Caught Plastered (1931)
A gem from a forgotten comedy team
I've seen two movies by this comedy team- one of which I enjoyed and the other I thought was terrible (CRACKED NUTS). CAUGHT PLASTERED is the one liked. There's tons of jokes and gags in this film, some are good for a few good laughs and some for a few groans. In fact, the boys play a couple of comics who failed in their routines and have been chased out of the theatre at numerous locations. So in this sense, I think the script acknowledges that these guys' comedy is not so great, but not bad enough to get some laughs. The story is fairly predictable. The down and out comedy performers out of money hopping trains stop in a town and find an old woman crying on a streetcar, because she's about to lose her drug store to the bank because of slow business. With nothing else to fall back on, the fast talking, cigar chomping, obnoxious Woolsey with this thick, round glasses and his baby faced parter, Wheeler, offer to help her get the drug store up and running again. Will they do this in enough time to save her from losing the store and saving her from having to spend the rest of her life in the "old ladies home?" You'll have to see for yourself. Much of the jokes centers around the boys interactions with the customers, many of which they, especially Woolsey, manage to offend and their getting duped by a crooked businessman/bootlegger (it's still prohibition in 1931)into selling "lemon soda". One of Woolsey's best lines, is "I think someone is passing the flask around here," when they're the ones serving the booze and they don't realize it. I can honestly say that I've never heard drunks singing "London Bridge is Falling Down" until I've seen this movie, but hey it was kind of funny. Dorothy Lee plays Wheeler's romantic interest in the movie and she is a little cutie, despite having a nasal voice. At times, they did get a little too dreamy eyed and sappy around each other, but not to the point of being too annoying. Overall, while I enjoyed this movie and the chemistry between Wheeler and Woolsey, I think their act was kind of second rate compared to others like the Marx Brothers. Still, this movie has the special early 1930s feel to it, is well written and doesn't move slowly like many early sound films, and is quite enjoyable. Check it out if you get the opportunity. 7/10
Clara's got IT
When it comes to IT, Clara Bow was in a league of her own. No other actress I've ever seen has even been close(maybe Jean Harlow). But most actresses since Clara didn't have silent films, which allowed her beautiful expressive eyes, facial expressions, and physical gestures (such as looking between the legs of stuffed toy dog) to do her talking and leave no doubt as to her intent. Her ability to do this made her special. I must admit that even though I loved this film, IT isn't my favorite performance by Clara. I happen to think she displayed as much and possibly more "IT" in some of her other silent movies like MANTRAP, HULA, & THE PLASTIC AGE than in IT. If you don't believe that's possible, then I highly recommend checking out some of her other films and judge for yourself. Even if you disagree, you will enjoy these performances if you enjoyed this film. As a whole, I think IT was the strongest of her silent films (in terms of plot, writing, and character development) that I've seen. Regardless, IT is the film for which Clara is most remembered and the favorite of her modern day fans. From Clara's scheming to reel in her boss as a husband to the hilarious sub-titles ("Sweet Santa, give me him", "Hot socks, the new boss", "I'll take the snap out of your garters", "He couldn't give birth to a suspicion", "On the contrary, I think she's got plenty in reserve"), I enjoyed this 1920s romantic comedy tremendously. Could Elinor Glyn, have been trying to promote her book or herself? IT was only defined 3 times during the movie (in the opening credits, in the first scene where Monty is reading about IT, and when Antonio Moreno asks Elinor Glyn herself in a scene about halfway through the film. I think if modern audiences would give IT a chance, they would be pleasantly surprised with Clara Bow. 9/10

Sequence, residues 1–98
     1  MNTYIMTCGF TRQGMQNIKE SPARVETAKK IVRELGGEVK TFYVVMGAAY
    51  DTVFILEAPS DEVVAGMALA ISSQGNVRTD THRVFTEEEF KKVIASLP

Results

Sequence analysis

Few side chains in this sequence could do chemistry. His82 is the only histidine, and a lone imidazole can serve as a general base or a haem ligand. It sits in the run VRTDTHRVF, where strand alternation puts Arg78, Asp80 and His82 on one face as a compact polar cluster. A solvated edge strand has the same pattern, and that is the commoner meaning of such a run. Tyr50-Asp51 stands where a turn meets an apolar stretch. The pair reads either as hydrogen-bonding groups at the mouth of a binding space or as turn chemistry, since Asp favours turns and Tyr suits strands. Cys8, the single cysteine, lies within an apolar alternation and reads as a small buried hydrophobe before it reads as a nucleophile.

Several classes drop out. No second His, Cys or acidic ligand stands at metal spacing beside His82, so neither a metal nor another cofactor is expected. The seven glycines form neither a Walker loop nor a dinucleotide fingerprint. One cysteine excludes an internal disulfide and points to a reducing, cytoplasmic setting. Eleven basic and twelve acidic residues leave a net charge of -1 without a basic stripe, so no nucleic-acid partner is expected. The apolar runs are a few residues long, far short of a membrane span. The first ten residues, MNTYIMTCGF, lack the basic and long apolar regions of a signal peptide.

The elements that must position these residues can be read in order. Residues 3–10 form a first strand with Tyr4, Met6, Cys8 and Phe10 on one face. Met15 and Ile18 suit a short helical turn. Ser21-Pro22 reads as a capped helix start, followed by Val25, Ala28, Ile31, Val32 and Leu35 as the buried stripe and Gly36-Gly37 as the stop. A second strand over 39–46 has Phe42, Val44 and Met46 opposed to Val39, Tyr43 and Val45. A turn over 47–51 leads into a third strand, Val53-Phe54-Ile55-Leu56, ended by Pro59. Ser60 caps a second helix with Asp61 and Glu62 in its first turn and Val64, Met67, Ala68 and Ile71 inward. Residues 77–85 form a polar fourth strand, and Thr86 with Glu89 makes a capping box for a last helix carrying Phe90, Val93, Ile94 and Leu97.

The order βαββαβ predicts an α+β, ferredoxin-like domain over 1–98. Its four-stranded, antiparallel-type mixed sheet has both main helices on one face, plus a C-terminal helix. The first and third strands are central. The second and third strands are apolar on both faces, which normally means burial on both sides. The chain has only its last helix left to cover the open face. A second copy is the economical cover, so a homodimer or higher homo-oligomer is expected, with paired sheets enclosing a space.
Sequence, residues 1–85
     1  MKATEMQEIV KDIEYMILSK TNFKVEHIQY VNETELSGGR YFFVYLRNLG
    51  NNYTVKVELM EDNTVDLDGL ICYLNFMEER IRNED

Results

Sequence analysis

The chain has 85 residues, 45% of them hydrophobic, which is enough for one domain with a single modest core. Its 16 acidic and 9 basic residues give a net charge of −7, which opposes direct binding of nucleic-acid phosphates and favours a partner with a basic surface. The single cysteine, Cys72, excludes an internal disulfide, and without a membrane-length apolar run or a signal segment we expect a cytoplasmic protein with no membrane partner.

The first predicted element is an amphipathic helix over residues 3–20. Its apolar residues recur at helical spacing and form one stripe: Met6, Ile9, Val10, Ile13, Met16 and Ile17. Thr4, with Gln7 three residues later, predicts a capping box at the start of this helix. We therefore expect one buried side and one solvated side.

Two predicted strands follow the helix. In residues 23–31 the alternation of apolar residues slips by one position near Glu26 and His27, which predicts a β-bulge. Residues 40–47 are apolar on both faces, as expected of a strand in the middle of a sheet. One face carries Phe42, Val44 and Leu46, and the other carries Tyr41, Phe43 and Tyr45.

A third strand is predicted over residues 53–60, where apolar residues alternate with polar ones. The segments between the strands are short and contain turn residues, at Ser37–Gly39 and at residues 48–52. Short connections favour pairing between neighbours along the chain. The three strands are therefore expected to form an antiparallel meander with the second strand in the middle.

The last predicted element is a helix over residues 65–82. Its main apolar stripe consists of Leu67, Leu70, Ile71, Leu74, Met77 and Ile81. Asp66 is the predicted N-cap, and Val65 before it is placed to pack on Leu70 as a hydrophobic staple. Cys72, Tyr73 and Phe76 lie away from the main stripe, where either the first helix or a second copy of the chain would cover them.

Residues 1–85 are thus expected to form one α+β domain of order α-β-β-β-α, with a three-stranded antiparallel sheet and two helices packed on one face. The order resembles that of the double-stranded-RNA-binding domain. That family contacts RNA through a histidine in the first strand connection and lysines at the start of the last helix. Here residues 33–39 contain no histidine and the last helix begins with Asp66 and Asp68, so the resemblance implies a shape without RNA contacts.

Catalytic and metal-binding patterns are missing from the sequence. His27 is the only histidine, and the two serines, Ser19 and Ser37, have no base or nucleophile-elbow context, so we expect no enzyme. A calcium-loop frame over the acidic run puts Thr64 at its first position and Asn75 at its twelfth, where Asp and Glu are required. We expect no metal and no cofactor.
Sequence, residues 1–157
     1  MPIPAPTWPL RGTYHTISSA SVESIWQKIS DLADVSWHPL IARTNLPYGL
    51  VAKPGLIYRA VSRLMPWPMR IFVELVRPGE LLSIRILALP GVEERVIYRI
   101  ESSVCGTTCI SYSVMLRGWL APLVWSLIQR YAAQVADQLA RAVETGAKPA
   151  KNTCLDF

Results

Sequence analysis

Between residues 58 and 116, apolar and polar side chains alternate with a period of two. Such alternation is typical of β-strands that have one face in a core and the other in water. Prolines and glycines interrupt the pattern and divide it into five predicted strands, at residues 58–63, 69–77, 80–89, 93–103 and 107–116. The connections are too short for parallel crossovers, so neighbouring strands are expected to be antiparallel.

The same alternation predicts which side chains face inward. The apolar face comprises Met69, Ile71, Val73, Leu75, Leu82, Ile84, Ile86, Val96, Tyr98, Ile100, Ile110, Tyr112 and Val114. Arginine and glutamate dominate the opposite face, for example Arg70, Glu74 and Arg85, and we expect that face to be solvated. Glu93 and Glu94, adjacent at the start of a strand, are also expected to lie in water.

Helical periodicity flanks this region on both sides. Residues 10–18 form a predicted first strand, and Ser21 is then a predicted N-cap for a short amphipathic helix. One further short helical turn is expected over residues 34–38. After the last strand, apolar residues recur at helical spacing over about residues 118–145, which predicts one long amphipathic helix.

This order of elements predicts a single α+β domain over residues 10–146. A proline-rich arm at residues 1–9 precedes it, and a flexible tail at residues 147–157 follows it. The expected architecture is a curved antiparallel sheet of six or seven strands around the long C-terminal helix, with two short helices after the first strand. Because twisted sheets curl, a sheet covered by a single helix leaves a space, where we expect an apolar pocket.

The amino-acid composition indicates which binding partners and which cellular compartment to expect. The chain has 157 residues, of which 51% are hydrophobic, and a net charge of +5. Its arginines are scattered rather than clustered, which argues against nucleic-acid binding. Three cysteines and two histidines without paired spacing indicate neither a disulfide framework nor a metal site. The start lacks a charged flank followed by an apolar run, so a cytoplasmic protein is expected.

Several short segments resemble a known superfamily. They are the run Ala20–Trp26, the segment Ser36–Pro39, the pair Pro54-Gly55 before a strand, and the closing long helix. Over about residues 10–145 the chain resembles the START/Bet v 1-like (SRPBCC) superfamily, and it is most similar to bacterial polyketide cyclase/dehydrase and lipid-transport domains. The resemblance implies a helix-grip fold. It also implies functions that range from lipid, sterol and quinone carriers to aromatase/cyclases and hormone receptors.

The Saturday Night Kid (1929)
Not your typical Clara Bow movie, but still not bad for 1929
After audiences of the 1920s had become accustomed to seeing Clara Bow portraying the carefree flapper or an aggressive woman out to get her man, this movie strays from those formulas. Confined by the limitations of the role of Mayme and the constraints of early sound films, Clara is much more inhibited and restrained in this film. That high energy personality and wonderful facial expressions that I love about her, were absent in this movie. As another reviewer stated, Clara would have been much more suited to play the role of Janie(particularly the scene where Janie steals Mayme's boyfriend) that went to a young Jean Arthur. Even when, she was several pounds overweight for a leading lady/sex symbol, Clara still manages too look great and she does well in the somewhat thankless role. Mayme is a "good" girl that has developed a cynical and hard boiled attitude from past romances gone bad. It was also interesting to see Jean Arthur play a selfish, impulsive, immature Janie(who doesn't hesitate to stab her sister in the back if her neck is on the line) after seeing her in more virtuous roles in the 30s and she turns in a good performance despite just an average script and dialogue. The Saturday Night Kid also provides an interesting glimpse into the late 20s lifestyle from riding a street car to working in a department store. Yes, 75 years ago they were doing company "pep rallies" that employees had to attend and show their enthusiasm whether they were enthused to be there or not. There are very few films that were made in 1929 with outstanding productions values and are enjoyable to watch. While this film has it's problems I think it is better than most of the early sound films that I've seen, including THE WILD PARTY with Clara. 6/10